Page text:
Blanket Sea

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“Watchwoman” by Sarah Bigham

It is 1:12 a.m. and while my body aches for sleep, I am still awake, keeping watch on my battered body. And my busy mind. And the charts that keep me safe.

The woman who cuts my hair has two young children and goes to bed at 8:30 p.m. My wife is regularly snoring soon after 9. A colleague swears by her 9:30 bedtime and another counts a good vacation as one during which she is asleep well before 10 every night. A friend has decided that 10 p.m. is the ideal time to get in bed with a good book before dropping off to sleep. By 10 p.m., virtually everyone I know has purposefully headed off to bed. But I remain upright. For hours more, along with college students and third shifters and new parents and, perhaps, certain heads of state who contemplate possible repercussions of various policies or acts. A good night is when I am in bed by 2 a.m.

It began with the pain, the gnawing, tightening, searing pain that flared outwards and created such havoc that not one inch of skin was spared. Changing into pajamas seemed impossible. Lying down seemed madness. So much better to remain standing, rooting the worst of the pain down through my feet.

Pacing the house. Two a.m. wandering is what I call it. When I meet other pain patients, they know exactly what I mean, for there are nights when they do it too. The bad nights. When it seems better to force your eyes open and stand with the awfulness of your current condition, knowing that at least you have survived THIS day with THIS pain. You did it. You made it. You did not give up today. And while it was bad, so much worse than what anyone without pain can possibly imagine, it was ultimately survivable, because here you stand. But tomorrow might not be. It might be worse. That is where my mind goes on the 2 a.m. wandering nights. I am on the lookout, ever vigilant, for any possible disruption to a detailed routine that allows me to exist in some sort of meaningful way. I envy those who live by a creed of Let go and let God, or believe in predetermined fate or are in some way able to accept a miserable situation and move through each new day with no compulsion to plan or expect anything.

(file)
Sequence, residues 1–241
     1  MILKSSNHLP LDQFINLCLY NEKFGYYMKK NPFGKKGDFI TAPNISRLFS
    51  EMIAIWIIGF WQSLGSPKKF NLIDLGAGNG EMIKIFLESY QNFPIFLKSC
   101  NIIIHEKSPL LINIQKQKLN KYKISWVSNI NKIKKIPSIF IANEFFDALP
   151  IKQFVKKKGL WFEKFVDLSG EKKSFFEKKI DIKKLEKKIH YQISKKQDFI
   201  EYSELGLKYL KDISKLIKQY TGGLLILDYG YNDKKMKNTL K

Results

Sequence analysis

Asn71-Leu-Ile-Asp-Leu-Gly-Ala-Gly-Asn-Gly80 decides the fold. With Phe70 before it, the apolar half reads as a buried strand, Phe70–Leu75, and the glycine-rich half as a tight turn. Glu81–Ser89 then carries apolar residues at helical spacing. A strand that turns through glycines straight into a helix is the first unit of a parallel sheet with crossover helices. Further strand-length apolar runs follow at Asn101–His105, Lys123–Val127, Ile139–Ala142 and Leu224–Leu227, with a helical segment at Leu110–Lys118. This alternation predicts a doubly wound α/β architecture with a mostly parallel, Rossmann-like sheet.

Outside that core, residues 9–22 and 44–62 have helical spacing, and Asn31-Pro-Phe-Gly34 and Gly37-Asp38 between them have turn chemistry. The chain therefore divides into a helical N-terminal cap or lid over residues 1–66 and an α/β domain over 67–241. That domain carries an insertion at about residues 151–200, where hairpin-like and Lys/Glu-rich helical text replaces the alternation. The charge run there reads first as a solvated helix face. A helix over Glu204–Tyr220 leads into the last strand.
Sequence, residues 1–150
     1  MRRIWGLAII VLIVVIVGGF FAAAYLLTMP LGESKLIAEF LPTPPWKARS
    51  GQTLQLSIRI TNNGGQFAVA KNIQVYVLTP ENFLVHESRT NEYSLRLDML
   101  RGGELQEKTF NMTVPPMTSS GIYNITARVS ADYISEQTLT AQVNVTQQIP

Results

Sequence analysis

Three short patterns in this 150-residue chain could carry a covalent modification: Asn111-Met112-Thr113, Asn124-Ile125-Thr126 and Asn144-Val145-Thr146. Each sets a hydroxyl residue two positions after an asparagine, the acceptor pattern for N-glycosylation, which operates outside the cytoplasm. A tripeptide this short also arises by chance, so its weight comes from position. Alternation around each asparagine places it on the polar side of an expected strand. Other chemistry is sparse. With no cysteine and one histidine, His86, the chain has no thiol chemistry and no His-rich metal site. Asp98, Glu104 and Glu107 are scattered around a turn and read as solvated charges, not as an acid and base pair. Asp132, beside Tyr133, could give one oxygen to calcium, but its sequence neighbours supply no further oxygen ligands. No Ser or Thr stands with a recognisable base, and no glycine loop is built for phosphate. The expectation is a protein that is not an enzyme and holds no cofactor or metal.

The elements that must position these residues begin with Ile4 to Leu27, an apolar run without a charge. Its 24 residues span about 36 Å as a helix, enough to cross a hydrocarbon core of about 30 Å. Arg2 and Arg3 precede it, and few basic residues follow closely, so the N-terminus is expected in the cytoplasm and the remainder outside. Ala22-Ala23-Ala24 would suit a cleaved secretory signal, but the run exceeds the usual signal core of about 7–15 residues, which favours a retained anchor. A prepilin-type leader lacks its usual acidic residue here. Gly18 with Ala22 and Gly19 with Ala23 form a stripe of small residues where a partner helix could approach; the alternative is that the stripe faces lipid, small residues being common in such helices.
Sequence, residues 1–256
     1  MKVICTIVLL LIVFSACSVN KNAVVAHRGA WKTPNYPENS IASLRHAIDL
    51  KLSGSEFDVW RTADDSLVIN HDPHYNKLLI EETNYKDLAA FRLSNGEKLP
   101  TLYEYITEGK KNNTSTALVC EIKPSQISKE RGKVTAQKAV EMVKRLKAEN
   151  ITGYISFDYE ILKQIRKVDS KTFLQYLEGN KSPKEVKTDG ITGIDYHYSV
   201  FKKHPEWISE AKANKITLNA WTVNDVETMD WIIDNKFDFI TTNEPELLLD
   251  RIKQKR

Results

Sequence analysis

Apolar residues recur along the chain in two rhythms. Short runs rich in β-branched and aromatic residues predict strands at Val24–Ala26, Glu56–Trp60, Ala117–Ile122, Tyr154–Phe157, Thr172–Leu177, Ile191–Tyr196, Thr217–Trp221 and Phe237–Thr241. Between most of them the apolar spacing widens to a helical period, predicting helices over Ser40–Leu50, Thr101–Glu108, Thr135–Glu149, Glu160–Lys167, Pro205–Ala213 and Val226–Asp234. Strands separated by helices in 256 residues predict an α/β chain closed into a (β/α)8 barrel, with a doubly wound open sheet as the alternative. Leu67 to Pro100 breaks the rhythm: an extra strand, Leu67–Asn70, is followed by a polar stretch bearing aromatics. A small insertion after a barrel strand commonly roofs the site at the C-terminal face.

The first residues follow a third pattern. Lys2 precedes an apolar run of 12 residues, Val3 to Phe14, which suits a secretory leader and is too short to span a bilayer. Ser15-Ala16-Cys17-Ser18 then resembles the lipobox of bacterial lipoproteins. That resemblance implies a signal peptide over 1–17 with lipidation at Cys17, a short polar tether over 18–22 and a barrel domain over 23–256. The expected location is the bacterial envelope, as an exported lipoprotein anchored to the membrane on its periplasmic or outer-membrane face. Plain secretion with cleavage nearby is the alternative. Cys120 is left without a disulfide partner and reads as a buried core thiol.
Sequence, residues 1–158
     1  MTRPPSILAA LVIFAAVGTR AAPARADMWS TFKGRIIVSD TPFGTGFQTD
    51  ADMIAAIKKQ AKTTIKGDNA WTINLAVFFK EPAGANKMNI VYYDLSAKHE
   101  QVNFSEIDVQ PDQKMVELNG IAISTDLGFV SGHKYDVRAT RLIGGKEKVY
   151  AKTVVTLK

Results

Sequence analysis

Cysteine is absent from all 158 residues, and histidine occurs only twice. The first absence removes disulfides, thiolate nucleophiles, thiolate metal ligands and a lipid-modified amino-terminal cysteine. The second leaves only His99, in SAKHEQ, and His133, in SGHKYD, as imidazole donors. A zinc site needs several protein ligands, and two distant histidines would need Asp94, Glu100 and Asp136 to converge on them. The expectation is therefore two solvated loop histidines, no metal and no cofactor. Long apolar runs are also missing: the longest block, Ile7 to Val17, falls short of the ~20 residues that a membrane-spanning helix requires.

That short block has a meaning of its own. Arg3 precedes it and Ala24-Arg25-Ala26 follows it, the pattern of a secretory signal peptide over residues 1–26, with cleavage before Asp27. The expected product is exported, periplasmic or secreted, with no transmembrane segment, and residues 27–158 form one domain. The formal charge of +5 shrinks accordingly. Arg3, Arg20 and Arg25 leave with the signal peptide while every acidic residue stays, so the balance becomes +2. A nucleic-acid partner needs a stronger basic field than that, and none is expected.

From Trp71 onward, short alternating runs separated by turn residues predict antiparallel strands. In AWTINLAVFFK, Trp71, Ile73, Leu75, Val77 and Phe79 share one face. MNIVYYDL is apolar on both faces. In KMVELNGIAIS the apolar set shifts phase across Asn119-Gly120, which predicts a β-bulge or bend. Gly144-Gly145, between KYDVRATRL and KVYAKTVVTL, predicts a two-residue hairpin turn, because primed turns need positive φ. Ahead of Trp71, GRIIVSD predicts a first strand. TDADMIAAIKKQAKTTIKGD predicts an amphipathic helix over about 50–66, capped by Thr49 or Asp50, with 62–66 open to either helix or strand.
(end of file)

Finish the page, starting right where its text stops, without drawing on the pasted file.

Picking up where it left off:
Perhaps my expectations are just too high.

So I now stand guard, every light ablaze in the house, my amulet against the surrounding darkness. I stand, adjusting my posture to take pressure off of aching hips. I stand as I create a grocery list. I stand as I paint and I write and I prepare for classes. While standing, I feel powerful. So I stand as I compare my calendars with my daily spreadsheet of medical tasks. It is a carefully balanced act, this life of mine. There is a chart of daily home treatments and stretches and medication ingestion, plus the never-ending appointments in offices and clinics throughout the region. Without my team of healthcare providers and complementary medicine practitioners, I would be unfunctional. They are an absolutely necessary part of my life.

Once a month I travel out of state, sitting for three agonizing hours in the car, for treatment unavailable anywhere else. After staying over at whichever hotel has the best rate that particular week, I make the trip home the next day.

Every office has its own forms, its own culture, its own expectations for patients, and its own appointment scheduling routine. I am grateful that while my physical body has been afflicted, my mind has been largely spared thus far, leaving me with the organizations skills needed to pull off the merry-go-round of interventions that keep me going, that keep me from crying on the couch, that keep me from remaining in bed for days on end with greasifying hair and skin-sloughed sheets. Or worse.

It is full-time work, managing chronic illnesses, requiring patience and ingenuity and negotiation skills—not to mention the time and energy that are so scarce in those of us with heavy medical burdens.

I sometimes feel cursed or, at the very least, unwanted. In one recent week, six different medical offices contacted me to say that my methodically scheduled appointments needed to be changed. I took the calls while standing, then stood before the spreadsheet and prepared to do battle.

The physical therapy receptionist told me that an upcoming appointment I had scheduled weeks in advance was no longer available. The PT’s schedule had changed. I was to be moved to a new therapist at a different time. The decision had been made for me, as if I would have no issue with it, when in fact I did. I had to work during the newly allocated timeslot, at a job I am clinging to with my fingernails, my last vestige of stability and purpose. At least the location hasn’t changed, chirped the receptionist, who seemed somewhat taken aback by my decided lack of enthusiasm for this new schedule. But I needed an appointment, as the treatment gives me some degree of noticeable pain relief each time. So I bargained for a different slot, one that did not interfere with work, and then went about updating my calendars and my spreadsheets. And my expectations.

The acupuncturist’s office closed due to unexpectedly brutal weather, a decision I fully supported. I was able to nab a late afternoon appointment later in the week. (Morning appointments do not suit those of us who keep vampire hours.) This was an easy change, requiring few adjustments.